At 11:03 pm on Saturday night, the Government Communication and Information Service issued a media alert on behalf of the Department of Social Development that a media briefing on the social grants payments system would be held on Sunday morning at 9am.
“The Minister of Social Development, Ms Bathabile Dlamini, will brief members of the media on progress regarding the institutionalisation of the social grants payment system within the South African Social Security Agency (SASSA) beyond the 31st March 2017 when the current contract with Cash Paymaster Services expires.
“The Department of Social Development and SASSA would like to reassure Social grant beneficiaries that they WILL get their social grants on April 1, 2017.”
Anyone reading this would presume that at the media briefing, Dlamini would give details, as stated, on “the institutionalisation of the social grants payment system” beyond March 31, and explain how beneficiaries would receive their grants on April 1. One also would presume that Dlamini and her spokesperson, Lumka Oliphant, anticipated that because of the enormity of the issue, the massive public interest and the unfolding controversy on the matter, there would be a barrage of questions from the media.
The trick, therefore, was to come prepared – to answer as many of the questions in the minister’s written statement and explain the process ahead to quell the public confusion and anxiety. In light of the sudden resignation of Zane Dangor, the director-general of the Department of Social Development on Friday, it would also have been prudent to acknowledge his departure as there were bound to be questions about it.
But in the alternate universe in which they exist, Dlamini and Oliphant decided they could come to the media briefing with absolutely nothing to announce and con the public into thinking that all was well. Dlamini stammered through a 2,658-word statement that contained no specific details about the future plans for SASSA, even though it contained a section that read “Future Plans for SASSA”.
Bizarrely, that section contained a four-phase payment plan to be implemented from the year 2013, and the phasing out of the current service provider, Cash Paymaster Services, in 2015/16 – 2016/17. The department was thus announcing an implementation plan that they had not implemented and could not implement retrospectively.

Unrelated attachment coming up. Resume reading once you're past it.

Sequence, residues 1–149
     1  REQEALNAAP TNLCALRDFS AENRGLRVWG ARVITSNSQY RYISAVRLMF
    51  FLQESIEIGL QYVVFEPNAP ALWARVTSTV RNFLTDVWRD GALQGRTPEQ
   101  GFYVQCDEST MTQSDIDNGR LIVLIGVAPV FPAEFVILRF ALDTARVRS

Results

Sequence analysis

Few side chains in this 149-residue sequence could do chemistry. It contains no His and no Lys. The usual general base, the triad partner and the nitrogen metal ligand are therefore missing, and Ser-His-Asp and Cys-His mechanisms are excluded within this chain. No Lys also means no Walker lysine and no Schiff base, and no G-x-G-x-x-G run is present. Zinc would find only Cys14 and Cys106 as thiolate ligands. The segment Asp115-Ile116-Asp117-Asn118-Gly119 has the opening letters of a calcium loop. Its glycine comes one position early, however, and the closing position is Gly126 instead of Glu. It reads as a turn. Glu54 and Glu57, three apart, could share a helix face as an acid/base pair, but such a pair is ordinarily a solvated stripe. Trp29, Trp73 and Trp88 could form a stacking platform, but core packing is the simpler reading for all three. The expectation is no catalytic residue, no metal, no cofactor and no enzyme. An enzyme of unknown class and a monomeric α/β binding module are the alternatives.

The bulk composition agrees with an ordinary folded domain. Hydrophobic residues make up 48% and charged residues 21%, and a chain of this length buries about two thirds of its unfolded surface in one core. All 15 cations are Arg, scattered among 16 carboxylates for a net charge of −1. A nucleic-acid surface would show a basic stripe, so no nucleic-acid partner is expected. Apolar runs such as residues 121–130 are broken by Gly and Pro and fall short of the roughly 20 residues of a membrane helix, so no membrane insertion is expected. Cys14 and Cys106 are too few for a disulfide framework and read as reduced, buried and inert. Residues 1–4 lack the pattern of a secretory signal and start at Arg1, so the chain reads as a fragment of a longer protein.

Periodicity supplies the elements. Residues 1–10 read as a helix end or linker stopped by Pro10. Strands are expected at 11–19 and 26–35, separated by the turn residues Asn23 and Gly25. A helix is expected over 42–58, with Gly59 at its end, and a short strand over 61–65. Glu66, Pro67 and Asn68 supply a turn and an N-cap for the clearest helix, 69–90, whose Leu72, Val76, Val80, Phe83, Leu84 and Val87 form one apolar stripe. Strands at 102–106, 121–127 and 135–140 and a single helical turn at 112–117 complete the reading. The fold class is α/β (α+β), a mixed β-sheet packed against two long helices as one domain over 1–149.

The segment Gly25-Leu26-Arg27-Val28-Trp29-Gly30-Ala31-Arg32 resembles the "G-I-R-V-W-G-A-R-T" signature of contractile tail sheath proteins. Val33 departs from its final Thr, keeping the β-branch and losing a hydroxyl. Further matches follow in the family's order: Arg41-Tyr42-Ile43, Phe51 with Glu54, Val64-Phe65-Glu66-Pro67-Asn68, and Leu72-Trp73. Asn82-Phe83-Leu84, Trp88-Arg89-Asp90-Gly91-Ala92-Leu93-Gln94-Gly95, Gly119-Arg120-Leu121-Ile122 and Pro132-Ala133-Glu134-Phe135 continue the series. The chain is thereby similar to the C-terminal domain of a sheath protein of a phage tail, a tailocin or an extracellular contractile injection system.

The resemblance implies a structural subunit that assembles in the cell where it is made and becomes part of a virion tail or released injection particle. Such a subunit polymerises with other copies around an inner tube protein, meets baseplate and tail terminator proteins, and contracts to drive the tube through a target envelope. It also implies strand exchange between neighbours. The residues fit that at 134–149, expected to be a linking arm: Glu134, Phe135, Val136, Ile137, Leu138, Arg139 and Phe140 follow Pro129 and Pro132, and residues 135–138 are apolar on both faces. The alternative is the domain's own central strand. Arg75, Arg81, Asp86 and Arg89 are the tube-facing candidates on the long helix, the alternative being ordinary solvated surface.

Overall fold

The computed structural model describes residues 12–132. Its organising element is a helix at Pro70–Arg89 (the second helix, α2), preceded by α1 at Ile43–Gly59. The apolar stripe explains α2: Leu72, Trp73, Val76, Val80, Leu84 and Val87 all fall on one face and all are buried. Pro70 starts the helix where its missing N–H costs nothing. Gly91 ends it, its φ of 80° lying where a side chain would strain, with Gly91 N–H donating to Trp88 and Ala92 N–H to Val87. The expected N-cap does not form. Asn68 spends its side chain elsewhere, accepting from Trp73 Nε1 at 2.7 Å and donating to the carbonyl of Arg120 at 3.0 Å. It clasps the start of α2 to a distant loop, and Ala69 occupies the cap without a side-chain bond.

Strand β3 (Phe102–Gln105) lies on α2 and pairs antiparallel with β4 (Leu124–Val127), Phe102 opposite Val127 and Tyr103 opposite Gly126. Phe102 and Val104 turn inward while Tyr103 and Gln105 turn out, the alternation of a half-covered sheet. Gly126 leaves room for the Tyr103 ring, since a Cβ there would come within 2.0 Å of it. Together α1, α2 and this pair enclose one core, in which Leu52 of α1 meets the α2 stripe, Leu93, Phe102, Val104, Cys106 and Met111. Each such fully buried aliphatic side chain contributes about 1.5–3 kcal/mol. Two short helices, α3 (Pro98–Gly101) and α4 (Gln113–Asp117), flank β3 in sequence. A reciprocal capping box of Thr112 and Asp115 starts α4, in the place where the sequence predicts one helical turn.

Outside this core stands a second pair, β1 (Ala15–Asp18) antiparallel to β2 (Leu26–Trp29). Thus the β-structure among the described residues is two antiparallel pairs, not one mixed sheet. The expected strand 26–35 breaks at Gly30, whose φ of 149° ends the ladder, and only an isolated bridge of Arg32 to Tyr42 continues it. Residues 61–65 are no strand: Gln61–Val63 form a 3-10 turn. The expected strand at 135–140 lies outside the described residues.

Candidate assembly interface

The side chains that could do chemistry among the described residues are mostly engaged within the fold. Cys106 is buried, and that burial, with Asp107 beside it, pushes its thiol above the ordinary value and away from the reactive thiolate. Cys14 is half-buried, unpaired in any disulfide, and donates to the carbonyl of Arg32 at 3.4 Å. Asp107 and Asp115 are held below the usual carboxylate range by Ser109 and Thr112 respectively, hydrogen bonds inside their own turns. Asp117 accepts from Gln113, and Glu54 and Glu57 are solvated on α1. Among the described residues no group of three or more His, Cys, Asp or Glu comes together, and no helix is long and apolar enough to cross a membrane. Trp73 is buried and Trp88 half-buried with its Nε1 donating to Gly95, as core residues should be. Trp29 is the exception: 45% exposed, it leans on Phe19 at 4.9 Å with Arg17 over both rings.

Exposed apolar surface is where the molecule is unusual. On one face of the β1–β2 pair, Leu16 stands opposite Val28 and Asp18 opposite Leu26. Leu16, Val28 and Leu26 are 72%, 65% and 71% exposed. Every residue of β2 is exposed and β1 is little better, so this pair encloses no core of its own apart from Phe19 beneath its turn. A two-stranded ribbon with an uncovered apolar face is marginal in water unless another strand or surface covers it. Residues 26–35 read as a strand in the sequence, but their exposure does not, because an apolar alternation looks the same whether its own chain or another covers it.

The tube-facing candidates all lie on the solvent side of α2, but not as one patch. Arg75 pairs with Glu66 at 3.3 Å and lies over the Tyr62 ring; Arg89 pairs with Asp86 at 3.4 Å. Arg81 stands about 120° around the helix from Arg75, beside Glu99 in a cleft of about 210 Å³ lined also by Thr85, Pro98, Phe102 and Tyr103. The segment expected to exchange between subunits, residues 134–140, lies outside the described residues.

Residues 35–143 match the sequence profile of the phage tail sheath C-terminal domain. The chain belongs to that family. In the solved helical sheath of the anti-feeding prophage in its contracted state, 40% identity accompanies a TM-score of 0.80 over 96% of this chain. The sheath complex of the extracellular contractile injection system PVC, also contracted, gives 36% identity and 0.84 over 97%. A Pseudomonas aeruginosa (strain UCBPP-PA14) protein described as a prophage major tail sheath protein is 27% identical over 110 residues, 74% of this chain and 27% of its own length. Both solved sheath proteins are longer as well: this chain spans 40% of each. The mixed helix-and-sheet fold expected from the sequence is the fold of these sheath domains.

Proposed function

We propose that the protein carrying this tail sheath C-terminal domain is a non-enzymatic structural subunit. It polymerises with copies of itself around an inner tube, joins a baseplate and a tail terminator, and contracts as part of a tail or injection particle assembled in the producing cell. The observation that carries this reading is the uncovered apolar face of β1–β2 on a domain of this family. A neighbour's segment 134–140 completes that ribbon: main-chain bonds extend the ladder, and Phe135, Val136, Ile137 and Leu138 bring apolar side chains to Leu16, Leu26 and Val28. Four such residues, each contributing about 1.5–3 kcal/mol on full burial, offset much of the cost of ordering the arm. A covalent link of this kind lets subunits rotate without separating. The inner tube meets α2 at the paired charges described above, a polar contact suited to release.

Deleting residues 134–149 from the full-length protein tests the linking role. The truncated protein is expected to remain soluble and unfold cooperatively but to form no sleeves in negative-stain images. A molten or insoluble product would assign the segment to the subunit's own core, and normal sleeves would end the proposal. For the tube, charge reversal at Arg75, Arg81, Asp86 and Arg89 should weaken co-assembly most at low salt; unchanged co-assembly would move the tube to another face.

Regarding the next phases, the statement speaks about a “transition” from April 2017 – March 2019 and “full roll out” from April 2019. It provides no details about how this would be done.
That, on its own, was a recipe for disaster.
But Dlamini and Oliphant were on such a power trip that they believed they could also refuse to answer questions on Dangor’s resignation, the whereabouts of the SASSA chief executive officer Thokozani Magwaza and the court action against the department. Oliphant tried to block and restrict questions while Dlamini engaged in a heated exchange with eNCA reporter Karyn Maughan, in which she blamed the media for creating the impression that there was a crisis in the grants payment system. She said she would not respond to “people who want to impose themselves on us”.
“You’ve created a lot of tension throughout the country. It’s our grandmothers and grandfathers that will walk long distances,” Dlamini said.
When Maughan asked about Magwaza’s whereabouts, Dlamini responded: “How should we account about people that are on sick leave? You are really ill-treating us!”
The Presidency announced on Saturday that President Jacob Zuma held a meeting with Dlamini and Finance Minister Pravin Gordhan and was “of the view that the matters are solvable”. From Dlamini’s tirade at Sunday’s briefing, it is clear that her only idea for a solution is for National Treasury to participate in the negotiations with Cash Paymaster Services (CPS) and authorise the budget deviation she requested to extend the contract. She clearly has no appreciation of the conflict of interest that would arise from Treasury acting as a participant in the negotiations process and then authorising the agreement.